Yeah. As a filmmaker you have a much better understanding of the power of the medium than they do. They’re more likely to do something that might be good for your movie, but not so good for themselves. Really, that was the crux of the Frat House controversy. It wasn’t whether, at least in my mind, to participate in a movie that it really wasn’t in their best interest to participate in. By the time I got to Cheaters (Cheats), I had actors. Actors love to, any humiliation you can cook up, an actor is happy to participate in. Hear the Response...
What are some of your inspirations for comedy?
What I really set out to do was take kind of a gangster movie and bring it to high school. You know, the whole rise and fall element of it is taken from movies like Goodfellas, Scarface… Hear the Response...
Now that you mention that, I can see it in the narration.
Yeah, and kind of like the code, there are all these rules you have to follow. If you don’t follow your own code, you’re sure to bring about your own destruction. As far as they style of the movie, it was really patterned after a gangster movie. Hear the Response...
Was there any difficulty in getting the film produced since it was technically your first feature film?
I imagine, from what I’ve heard, this was a very easy movie to get made in comparison to other movies. The hard part was writing the script, for me. The movie getting made, that was out of my control. Someone else decided that. The challenge for me was this was my first script. So not having sat down and written something myself before, that part of it was my greatest challenge. Hear the Response...
Did you have trouble getting a PG-13 rating, because the movie seemed to push the boundaries of that rating?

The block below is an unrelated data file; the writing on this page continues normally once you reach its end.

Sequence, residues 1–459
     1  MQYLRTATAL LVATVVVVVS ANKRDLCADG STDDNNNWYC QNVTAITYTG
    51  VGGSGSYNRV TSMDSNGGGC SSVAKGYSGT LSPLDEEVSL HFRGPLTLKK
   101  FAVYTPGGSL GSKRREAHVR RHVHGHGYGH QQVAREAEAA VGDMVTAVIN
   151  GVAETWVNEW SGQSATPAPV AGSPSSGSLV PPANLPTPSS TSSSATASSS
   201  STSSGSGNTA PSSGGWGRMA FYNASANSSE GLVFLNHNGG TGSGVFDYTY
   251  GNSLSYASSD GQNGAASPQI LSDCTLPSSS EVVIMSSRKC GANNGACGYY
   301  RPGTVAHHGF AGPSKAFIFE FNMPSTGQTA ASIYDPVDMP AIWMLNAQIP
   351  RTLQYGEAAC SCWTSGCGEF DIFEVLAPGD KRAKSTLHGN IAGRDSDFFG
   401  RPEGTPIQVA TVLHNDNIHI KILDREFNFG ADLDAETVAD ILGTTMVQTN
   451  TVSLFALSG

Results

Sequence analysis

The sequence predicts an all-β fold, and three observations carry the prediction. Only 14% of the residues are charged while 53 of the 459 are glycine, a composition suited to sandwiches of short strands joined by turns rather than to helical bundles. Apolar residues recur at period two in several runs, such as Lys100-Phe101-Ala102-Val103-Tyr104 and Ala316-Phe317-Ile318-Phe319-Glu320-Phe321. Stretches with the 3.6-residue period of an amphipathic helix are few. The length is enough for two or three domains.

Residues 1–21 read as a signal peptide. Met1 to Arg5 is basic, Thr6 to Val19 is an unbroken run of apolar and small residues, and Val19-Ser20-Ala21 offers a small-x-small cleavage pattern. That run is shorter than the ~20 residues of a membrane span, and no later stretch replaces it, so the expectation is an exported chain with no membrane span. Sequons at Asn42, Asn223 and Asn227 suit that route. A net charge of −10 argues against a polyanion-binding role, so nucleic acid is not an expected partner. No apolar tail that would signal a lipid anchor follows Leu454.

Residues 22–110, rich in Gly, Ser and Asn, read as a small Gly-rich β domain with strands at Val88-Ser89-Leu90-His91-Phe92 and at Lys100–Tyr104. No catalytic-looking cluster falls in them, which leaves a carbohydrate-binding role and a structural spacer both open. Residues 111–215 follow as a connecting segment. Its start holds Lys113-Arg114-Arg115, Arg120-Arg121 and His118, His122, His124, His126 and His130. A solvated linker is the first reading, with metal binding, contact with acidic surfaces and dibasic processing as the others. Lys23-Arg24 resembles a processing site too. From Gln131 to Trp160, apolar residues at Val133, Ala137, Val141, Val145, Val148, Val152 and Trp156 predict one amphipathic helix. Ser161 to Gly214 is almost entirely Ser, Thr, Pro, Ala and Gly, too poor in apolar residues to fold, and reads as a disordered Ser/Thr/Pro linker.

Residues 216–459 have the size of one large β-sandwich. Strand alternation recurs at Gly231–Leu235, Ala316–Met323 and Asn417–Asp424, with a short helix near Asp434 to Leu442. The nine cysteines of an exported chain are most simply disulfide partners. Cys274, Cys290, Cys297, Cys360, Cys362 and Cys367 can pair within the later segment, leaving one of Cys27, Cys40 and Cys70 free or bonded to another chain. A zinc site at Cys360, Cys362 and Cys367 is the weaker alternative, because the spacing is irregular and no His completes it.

Thank you for commenting on that, because I worked my ass off for that PG-13 rating! The thing is, there’s nothing that’s literally that vulgar in the movie but I take a lot of pride in being dirty without being direct. But they still ended up giving me an R for basically crude suggestion. Hear the Response...
The shot I’m referring to is the opening shot
Where they’re peeing on the grade book?
It’s a great point of view shot.
But it’s not like you’re seeing anything. But they didn’t have as big of a problem with that as they did all the references to hand sex. I ended up having to make an MPAA appeal because they gave me an R rating. We went before an appeals board and I had to argue my case in front of this board and explain why the use of the word hand-job was crucial to sending children a positive message about why cheating is wrong. Hear the Response...
What do you prefer the most, short films, documentary or feature films?
I have to say I enjoy short films the most, just because you can make them quicker and with fewer people. I have to say I loved making a feature film and I look forward to doing it again if I’m ever allowed to, but shorts are better. You turn the around quicker, it’s more like punk rock. You kind of make it quickly with fewer people and fewer distractions. Making a feature film, you have to deal with things like test screenings and market research and adjusting your material to what the audience is saying. Hear the Response...
Is that something you had to do a lot of?
Oh yeah, everybody does.
Is that something you enjoy?
I enjoyed it as having the experience of it, but did I literally enjoy it when it was happening? No. It was awful. It’s nerve racking. Hear the Response...
Any chance of any more documentaries?
Yes. I’m actually working a documentary right now. I’m working on it with Doug Lymon’s company. He shot The Bourne Identity and Go. So, I’m shooting a documentary on the mail order bride business. Hear the Response...
Here’s hoping that we’ll actually get to see this one.